Costs for Idaho’s program ballooned over the past decade, jumping from $19 million in 2000 to $42 million in 2008. At that time, state lawmakers, led by Senate Finance Chairman Dean Cameron, R-Rupert, instituted major money-saving reforms in the program, including requiring every applicant first to be screened for Medicaid eligibility. Close to 10 percent qualified, diverting them out of the indigent program into one that’s 70 percent federally funded. Other changes diverted other patients into various new federally funded programs, but those are expiring in the next two years.

Growth slowed, but it’s now expected to start climbing again. “Unless we can come up with some kind of a rabbit out of a hat, we’re going to see some of the trends start going back up,” said Roger Christensen, a Bonneville County commissioner and chairman of the state’s Catastrophic Health Care Fund Board, which oversees the program.

“It’s a complicated system put together in law over years,” Christensen said. “It’s difficult to administer.” Christensen, who has served as a county commissioner for 18 years and headed the catastrophic fund board – an unpaid position – for five years, joked, “I get paid so well it won’t break my heart if I don’t have this job.”

Others also would be happy to see the program go. Steve Millard, president and CEO of the Idaho Hospital Association, said: “It’s a very complex program; there’s a lot of litigation involved and a lot of expense involved in its administration. We would be happy if something replaced it, sure. And so would the counties – I think we’re on the same page on that.”

Paul Beddoe, associate legislative director for the National Association of Counties, said states are “all over the map” in how they now handle health care costs for the uninsured poor, but said, “I have not heard of a system like Idaho’s.”

The impact of a Medicaid expansion – which the U.S. Supreme Court ruled in June is optional for states under the national health care reform law – will vary in every state, Beddoe said. But he said in states like Idaho, it’s important to have counties at the table, “speaking for the property taxpayers and really for the needs of the community.”

Sen. Joyce Broadsword, R-Sagle, is the vice chair of the Senate Health and Welfare Committee, but she’s leaving the Legislature after this year and running for a seat on the Bonner County Commission.

“I am in favor of expanding (Medicaid), mostly because we’ve got a huge population out there of uninsured that are putting off health care needs, especially catastrophic care, because they can’t afford to go to the doctor,” she said. “And if we can get people doing preventative care and going to the doctor early and catching melanomas before they’re bad enough to kill a person or go through major chemotherapy, if we can touch obesity before they develop diabetes or heart disease and get them on track to being healthy, it’s going to be, in the long run, a healthier population and a money-saver for the state’s accounts.”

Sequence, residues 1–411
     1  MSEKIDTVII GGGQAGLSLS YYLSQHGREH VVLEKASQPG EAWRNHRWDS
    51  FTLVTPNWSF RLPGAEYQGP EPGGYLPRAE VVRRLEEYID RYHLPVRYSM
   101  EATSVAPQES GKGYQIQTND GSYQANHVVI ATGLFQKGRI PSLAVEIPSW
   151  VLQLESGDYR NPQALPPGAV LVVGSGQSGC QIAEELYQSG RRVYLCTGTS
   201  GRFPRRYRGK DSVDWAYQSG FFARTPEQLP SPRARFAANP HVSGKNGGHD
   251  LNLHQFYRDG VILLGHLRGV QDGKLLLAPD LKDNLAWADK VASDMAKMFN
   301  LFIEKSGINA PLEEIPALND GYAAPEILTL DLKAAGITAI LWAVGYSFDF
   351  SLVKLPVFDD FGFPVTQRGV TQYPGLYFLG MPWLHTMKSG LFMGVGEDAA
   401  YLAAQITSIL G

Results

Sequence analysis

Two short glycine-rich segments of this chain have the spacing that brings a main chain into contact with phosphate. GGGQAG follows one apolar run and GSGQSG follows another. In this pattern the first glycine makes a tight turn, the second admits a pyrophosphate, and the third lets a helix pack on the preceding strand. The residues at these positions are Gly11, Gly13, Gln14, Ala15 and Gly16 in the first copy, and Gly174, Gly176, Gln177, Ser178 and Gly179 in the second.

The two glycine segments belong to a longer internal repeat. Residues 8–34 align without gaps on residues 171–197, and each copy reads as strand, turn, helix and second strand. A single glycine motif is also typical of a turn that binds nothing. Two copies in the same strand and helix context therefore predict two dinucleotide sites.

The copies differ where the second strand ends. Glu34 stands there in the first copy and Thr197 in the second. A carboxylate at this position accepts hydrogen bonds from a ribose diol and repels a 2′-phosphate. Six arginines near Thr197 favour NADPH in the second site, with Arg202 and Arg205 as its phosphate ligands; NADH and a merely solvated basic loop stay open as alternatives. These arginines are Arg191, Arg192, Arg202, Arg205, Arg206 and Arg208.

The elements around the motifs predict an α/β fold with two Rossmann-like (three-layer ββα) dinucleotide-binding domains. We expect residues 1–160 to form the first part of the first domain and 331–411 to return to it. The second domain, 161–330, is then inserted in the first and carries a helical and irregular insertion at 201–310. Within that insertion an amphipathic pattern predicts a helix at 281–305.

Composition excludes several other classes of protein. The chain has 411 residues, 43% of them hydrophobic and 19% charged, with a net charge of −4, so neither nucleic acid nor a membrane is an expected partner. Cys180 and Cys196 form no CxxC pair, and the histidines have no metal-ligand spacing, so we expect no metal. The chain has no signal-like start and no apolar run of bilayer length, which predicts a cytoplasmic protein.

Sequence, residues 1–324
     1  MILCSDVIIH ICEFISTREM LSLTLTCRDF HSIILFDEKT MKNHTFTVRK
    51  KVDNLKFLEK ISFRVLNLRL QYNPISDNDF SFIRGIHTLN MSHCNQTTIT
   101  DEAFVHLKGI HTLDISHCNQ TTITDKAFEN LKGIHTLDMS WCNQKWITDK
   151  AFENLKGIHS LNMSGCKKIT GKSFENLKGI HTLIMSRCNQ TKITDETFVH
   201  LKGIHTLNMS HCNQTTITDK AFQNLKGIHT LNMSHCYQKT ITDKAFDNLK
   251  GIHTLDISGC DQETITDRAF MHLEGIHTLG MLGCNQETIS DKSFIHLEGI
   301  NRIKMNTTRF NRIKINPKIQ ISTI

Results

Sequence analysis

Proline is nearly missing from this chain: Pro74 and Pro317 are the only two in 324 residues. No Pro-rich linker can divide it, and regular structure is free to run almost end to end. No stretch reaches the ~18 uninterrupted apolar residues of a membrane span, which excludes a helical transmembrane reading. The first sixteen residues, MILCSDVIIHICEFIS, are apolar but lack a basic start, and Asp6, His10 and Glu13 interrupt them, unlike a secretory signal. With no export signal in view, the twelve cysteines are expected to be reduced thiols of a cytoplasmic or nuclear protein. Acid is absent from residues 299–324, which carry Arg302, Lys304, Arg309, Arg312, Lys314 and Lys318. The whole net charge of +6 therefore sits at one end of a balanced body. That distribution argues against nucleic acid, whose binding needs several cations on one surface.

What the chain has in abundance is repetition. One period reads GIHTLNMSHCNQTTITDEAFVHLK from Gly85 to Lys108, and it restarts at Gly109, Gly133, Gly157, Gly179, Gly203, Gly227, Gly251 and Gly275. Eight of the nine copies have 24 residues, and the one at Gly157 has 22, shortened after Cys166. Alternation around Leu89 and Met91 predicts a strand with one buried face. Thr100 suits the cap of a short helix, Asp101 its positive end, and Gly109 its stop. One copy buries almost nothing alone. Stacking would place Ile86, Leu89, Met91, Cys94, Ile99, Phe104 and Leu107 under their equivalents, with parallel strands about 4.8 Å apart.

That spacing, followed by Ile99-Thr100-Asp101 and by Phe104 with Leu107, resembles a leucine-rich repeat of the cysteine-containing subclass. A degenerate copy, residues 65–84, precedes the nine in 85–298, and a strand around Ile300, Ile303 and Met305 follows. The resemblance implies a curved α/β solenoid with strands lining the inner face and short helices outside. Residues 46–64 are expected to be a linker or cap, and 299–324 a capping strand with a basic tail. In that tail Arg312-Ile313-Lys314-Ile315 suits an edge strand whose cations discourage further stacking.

Plus, she said, “As a potential county commissioner, I think it would be beneficial for my county. It could be a tax savings to the people of my county.”

Six-year cost of program: $436 million

The numbers are remarkable. Fund managers estimate Idaho will spend a projected $61 million next year on its catastrophic program for indigent medical care, roughly split between county property taxes and state general funds. With costs expected to escalate by at least 7 percent a year for the next six years, the total six-year cost for the program would be $436 million.

The Medicaid expansion would cover at least 90 percent of those currently using the catastrophic health care (CAT) program. Only those who make too much money to qualify for Medicaid, but who qualify for CAT because their medical bills are so high, wouldn’t be included. Over the six years, 90 percent of the cost comes to $393 million.

The Medicaid expansion would be 100 percent federally funded for the first three years: 2014 through 2016. The federal match would drop to 95 percent in 2017, 94 percent in 2018, 93 percent in 2019, and would be 90 percent in 2020 and beyond. The state would pick up the difference.

Taking into account all those percentages, Idaho would save $380 million over the next six years by replacing its indigent medical program with a Medicaid expansion.

A Kaiser Foundation study that estimated costs for all states of expanding Medicaid suggested Idaho would spend between $101 million and $133 million over the six years to expand its Medicaid program to more than 85,000 currently uninsured patients. That includes many beyond those eligible for the CAT program. But even by that estimate, the state would save at least $300 million compared to what it’s spending now from state and county funds on indigent care.

“Most of the cost of the new expansion will be borne by the federal government,” the Kaiser study concluded.

Christensen, the chairman of the catastrophic fund board, said he’s not wading into the political decision; he’s leaving that to state lawmakers. “All we can do is try to give the Legislature the idea of what the program will potentially cost, as realistically as we can,” he said. “Then those are the numbers they have to take and decide what’s best for the state of Idaho.”